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Wilms Tumor and Other Childhood Kidney Tumors Treatment (PDQ®)

Renal Cell Carcinoma (RCC)

Incidence of RCC

Malignant epithelial tumors arising in the kidneys of children account for more than 5% of new pediatric renal tumors; therefore, they are more common than clear cell sarcoma of the kidney or rhabdoid tumors of the kidney. Renal cell carcinoma (RCC), the most common primary malignancy of the kidney in adults, is rare in children younger than 15 years. In the older age group of adolescents (aged 15–19 years), approximately two-thirds of renal malignancies are RCC.[1] The annual incidence rate is approximately 4 cases per 1 million children, compared with an incidence of Wilms tumor of the kidney that is at least 29-fold higher.

Conditions Associated With RCC

Conditions associated with RCC include the following:

  • von Hippel-Lindau (VHL) disease: VHL disease is an autosomal dominant condition in which blood vessels in the retina and cerebellum grow excessively.[2] The gene for VHL disease is located on chromosome 3p26 and is a tumor-suppressor gene, which is either mutated or deleted in patients with the syndrome.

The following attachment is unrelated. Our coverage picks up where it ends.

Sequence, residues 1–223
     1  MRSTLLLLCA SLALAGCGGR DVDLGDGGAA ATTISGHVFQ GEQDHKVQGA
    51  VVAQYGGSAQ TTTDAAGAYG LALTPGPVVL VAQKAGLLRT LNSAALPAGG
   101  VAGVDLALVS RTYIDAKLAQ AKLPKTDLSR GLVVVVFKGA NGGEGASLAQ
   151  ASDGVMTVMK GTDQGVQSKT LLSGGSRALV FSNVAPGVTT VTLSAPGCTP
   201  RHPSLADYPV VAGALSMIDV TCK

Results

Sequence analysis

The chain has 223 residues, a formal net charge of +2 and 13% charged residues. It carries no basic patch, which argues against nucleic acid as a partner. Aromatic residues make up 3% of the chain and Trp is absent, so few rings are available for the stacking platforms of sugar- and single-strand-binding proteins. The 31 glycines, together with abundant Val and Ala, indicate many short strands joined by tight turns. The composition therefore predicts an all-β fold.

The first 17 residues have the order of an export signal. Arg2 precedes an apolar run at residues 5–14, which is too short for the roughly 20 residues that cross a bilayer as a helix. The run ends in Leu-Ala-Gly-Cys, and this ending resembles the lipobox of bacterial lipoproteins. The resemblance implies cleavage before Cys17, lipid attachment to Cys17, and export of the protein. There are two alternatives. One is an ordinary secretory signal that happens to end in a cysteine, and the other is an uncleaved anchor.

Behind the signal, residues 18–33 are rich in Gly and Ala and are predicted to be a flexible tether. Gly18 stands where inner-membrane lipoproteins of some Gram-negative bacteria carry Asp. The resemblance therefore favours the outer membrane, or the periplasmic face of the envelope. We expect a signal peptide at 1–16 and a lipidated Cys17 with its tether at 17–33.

Screening for the VHL gene is available.[3] To detect clear cell renal carcinoma in these individuals when the lesions are smaller than 3 cm and renal-sparing surgery can be performed, annual screening with abdominal ultrasound or magnetic resonance imaging (MRI) is recommended, beginning at age 8 to 11 years.[4]

    (Refer to the Von Hippel-Lindau Syndrome section of the PDQ summary on Genetics of Kidney Cancer (Renal Cell Cancer) for more information.)

  • Tuberous sclerosis: In tuberous sclerosis, the renal lesions may actually be epithelioid angiomyolipoma (also called perivascular epithelioid cell tumor or PEComa), which is associated with aggressive or malignant behavior and expresses melanocyte and smooth muscle markers.[5,6]